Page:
There always seems to be new fads in the diet world, but the keto diet has been around for decades. You may have recently learned how participants follow a high-fat, low-carb diet to trigger the body’s natural state of ketosis.
It’s a different approach to weight loss that works well for some people, but others experience symptoms that make them question if it’s healthy. Read on to learn about the potential effects of trying this diet to determine if the keto diet is dangerous for your health needs and concerns.
When you stop eating a diet with a significant amount of carbs, your metabolism has to switch to burning fat for energy. This switch is the process of ketosis, but it can be a shock to the body even though it’s naturally occurring.
The shock can result in flu-like symptoms, such as:
Although you may worry that you should go to the doctor, they’re the same symptoms you would experience if you quit caffeine, so they don’t immediately indicate a grave medical concern. Call your doctor if they persist longer than a few days or keep you from going about your daily life.
People with diabetes are no strangers to the existence of ketoacidosis. If you have this disease, you may have experienced it before, when your blood sugar levels spiked because you didn’t have access to insulin. Although nutritional ketoacidosis due to the keto diet is different than this, it can still complicate diabetes.
One study found that diabetic patients needed 20 fewer insulin units when they began a low-carb or keto diet. Another study noticed that blood sugar levels dropped too low in some participants, due to the diet and a lack of change in their insulin dose.
People with diabetes can start the keto diet and lose weight safely, but it’s best to keep in touch with your doctor so they can monitor your progress.
Low-carb diets tend to also be low-calorie. Low-calorie meals can refresh your body and improve your weight loss performance, but it might also slow down your metabolism by keeping your body from natural fuel. When done correctly, the keto diet teaches your body to burn fat for energy instead of carbs or calories.
However, if you don’t eat at least a minimal amount of calories every day, your body will shut down your metabolism because it believes you’re starving and need to conserve energy. If you decide to start the keto diet, make sure you establish how many calories you’ll consume each day so your body gets the necessary nutrition to function properly.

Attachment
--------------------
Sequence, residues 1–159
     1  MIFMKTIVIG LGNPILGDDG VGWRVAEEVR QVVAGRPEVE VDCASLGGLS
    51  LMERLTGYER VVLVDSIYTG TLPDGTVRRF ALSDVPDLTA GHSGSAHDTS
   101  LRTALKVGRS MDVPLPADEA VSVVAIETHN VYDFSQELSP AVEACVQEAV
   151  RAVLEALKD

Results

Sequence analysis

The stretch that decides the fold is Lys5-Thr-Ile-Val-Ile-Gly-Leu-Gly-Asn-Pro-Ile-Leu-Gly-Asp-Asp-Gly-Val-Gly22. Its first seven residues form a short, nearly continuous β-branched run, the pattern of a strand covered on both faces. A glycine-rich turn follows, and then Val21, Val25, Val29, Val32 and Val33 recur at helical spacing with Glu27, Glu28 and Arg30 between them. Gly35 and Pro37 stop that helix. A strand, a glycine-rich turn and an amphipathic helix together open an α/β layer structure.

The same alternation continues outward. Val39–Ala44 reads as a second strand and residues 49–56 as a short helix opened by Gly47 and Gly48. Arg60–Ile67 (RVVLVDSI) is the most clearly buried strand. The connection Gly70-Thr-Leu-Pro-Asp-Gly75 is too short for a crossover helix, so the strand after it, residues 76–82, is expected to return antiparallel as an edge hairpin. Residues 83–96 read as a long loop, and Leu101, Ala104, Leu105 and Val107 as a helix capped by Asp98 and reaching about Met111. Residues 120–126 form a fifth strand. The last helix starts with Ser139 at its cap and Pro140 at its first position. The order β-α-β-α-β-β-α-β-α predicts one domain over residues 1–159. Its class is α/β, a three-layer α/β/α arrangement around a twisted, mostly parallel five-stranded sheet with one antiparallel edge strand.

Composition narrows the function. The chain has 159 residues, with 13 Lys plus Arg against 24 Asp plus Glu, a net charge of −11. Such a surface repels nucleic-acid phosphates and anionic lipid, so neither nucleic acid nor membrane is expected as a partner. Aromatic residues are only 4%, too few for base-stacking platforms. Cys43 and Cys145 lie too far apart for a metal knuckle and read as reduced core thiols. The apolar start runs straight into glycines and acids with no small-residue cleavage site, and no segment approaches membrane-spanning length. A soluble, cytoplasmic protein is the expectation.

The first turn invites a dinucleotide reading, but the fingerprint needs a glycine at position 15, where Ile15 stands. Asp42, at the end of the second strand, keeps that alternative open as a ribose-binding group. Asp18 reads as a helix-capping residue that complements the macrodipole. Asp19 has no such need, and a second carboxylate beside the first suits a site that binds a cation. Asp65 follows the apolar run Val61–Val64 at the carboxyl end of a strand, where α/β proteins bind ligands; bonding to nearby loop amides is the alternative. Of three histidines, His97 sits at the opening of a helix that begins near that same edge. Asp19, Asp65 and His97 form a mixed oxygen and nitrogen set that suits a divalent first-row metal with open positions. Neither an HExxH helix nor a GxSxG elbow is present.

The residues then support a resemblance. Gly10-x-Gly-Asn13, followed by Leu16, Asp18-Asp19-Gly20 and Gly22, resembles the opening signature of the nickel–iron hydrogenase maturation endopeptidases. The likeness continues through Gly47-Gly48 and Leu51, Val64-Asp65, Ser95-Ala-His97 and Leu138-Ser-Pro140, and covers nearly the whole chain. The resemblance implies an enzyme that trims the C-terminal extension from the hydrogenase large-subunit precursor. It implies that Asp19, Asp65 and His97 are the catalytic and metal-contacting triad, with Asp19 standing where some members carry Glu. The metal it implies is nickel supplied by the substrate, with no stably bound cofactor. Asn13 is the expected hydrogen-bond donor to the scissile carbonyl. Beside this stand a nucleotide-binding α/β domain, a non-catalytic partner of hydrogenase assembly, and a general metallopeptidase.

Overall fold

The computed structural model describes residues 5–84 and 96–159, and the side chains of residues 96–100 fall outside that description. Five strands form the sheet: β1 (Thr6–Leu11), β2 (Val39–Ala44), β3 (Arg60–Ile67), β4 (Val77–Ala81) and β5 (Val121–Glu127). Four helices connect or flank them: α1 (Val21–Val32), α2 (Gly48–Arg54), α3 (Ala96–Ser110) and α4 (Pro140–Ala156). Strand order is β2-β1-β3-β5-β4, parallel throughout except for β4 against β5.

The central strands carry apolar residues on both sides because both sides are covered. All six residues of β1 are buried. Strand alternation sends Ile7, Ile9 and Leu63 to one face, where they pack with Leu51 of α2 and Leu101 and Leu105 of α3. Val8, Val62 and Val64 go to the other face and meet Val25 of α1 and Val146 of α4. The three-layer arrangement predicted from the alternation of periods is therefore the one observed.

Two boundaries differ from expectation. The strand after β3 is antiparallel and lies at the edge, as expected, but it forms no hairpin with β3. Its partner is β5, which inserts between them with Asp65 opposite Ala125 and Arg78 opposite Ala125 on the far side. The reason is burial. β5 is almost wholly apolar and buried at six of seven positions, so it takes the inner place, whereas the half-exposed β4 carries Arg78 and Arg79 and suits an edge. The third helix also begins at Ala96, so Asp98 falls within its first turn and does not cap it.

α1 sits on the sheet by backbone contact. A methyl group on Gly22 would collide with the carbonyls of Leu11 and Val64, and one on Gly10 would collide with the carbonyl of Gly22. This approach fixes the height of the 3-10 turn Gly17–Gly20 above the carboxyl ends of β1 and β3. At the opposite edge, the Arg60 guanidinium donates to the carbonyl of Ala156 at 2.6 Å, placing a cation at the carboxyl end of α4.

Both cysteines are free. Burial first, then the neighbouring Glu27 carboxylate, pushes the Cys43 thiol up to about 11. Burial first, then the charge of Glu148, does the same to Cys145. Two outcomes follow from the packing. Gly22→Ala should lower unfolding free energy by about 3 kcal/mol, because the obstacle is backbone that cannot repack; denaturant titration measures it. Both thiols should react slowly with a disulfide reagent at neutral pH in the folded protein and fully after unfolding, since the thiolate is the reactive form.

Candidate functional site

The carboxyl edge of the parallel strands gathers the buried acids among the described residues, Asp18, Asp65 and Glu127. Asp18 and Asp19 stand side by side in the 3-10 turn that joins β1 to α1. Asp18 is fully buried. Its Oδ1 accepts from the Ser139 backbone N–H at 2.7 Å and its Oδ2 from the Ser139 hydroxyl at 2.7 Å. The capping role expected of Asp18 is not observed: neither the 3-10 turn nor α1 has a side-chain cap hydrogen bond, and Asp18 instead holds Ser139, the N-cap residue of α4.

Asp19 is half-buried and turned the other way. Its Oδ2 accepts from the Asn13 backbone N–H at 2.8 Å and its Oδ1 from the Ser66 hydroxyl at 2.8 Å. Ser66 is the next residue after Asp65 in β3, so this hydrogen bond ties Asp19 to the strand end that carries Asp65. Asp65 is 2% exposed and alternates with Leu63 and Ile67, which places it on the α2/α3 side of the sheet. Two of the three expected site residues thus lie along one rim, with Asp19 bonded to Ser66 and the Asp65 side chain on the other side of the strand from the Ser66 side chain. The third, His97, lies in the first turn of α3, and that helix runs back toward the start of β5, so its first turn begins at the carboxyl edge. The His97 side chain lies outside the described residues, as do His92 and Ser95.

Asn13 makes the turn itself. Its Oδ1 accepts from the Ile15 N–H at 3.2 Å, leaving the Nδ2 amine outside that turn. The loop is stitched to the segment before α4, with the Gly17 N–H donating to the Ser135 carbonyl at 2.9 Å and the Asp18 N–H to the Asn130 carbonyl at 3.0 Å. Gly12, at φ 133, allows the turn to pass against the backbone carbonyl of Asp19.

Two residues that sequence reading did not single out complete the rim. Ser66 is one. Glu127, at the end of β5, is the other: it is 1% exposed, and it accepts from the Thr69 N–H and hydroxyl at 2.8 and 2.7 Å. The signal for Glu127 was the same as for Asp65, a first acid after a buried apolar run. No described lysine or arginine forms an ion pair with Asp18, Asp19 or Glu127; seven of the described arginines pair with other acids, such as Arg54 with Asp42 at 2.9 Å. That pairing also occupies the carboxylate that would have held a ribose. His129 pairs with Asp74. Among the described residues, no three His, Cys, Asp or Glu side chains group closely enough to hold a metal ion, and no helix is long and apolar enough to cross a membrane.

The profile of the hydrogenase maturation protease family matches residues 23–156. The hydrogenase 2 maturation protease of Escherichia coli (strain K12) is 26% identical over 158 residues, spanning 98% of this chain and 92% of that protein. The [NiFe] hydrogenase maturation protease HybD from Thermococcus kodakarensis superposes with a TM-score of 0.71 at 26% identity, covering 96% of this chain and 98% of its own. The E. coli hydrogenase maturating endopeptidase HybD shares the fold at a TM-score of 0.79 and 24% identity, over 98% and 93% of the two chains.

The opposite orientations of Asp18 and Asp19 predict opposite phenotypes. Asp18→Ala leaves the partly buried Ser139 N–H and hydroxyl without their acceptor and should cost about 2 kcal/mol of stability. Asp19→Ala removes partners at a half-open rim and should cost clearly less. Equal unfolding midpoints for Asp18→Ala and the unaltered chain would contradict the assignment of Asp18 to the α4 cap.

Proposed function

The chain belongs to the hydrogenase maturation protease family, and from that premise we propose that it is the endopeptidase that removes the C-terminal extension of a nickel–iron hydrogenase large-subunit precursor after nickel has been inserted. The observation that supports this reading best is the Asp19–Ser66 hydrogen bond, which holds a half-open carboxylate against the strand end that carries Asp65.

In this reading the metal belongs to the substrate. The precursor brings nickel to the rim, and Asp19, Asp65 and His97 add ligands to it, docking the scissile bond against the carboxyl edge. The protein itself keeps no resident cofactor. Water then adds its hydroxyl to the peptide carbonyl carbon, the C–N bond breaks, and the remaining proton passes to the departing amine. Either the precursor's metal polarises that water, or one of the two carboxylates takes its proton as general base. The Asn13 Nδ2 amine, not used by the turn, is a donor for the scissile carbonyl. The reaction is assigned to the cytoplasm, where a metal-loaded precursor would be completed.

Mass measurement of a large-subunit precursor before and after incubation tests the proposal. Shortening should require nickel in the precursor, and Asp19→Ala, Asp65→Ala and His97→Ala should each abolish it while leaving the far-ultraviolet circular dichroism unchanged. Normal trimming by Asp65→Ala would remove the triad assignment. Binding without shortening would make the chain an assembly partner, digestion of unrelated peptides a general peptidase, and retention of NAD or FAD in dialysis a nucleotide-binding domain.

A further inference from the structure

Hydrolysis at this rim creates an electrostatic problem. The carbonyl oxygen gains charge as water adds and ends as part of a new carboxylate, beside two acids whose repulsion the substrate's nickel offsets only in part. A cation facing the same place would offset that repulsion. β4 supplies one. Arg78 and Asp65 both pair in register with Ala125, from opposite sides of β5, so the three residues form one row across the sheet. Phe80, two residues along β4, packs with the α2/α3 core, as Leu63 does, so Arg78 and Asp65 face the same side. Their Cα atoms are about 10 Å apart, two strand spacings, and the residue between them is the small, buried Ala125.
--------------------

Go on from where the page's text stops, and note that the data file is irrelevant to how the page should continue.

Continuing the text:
The keto diet has a unique focus on getting enough daily calories from fat, but that can backfire. As you eat more fat, you increase your risk for atherosclerosis, due to saturated fats causing coronary disease. Anyone with a family or personal history of heart disease should be aware that eating a high-fat diet puts their health more at risk and may require their doctor’s assistance.
When someone begins the ketogenic diet, they learn how to divide the nutrients in what they eat. After participants decide what they can eat, they divide their daily macronutrients into 60% fat, 5-10% carbs and 35% protein.
The calculation helps people understand what their new eating routine will look like and what will get their body into ketosis, but it can also develop into an eating disorder. Carefully calculating the macronutrients in every meal and snack can create a hyper-focus on the numbers.
Obsessing over the numbers is a symptom of orthorexia, an obsessive-compulsive eating disorder that fixates on tracking healthy eating to achieve a set amount of weight loss. Eating disorders may haunt victims for years or their entire lifetime, depending on if they can get help.
If you already exhibit tendencies to obsess over numbers, like weighing yourself every morning or checking calorie content before buying any groceries, the keto diet may be dangerous for you to begin. You may opt to start it without focusing on macronutrients or logging daily meals, which will yield results without risking your mental and physical health.
The keto diet can be dangerous for some people, so evaluate your health before you begin. Think about if you’re at risk for heart disease, diagnosed with diabetes or likely to develop an eating disorder. If you don’t think these factors are a risk for you, then you can see if you’ll be one of the many people to find success with a ketogenic diet.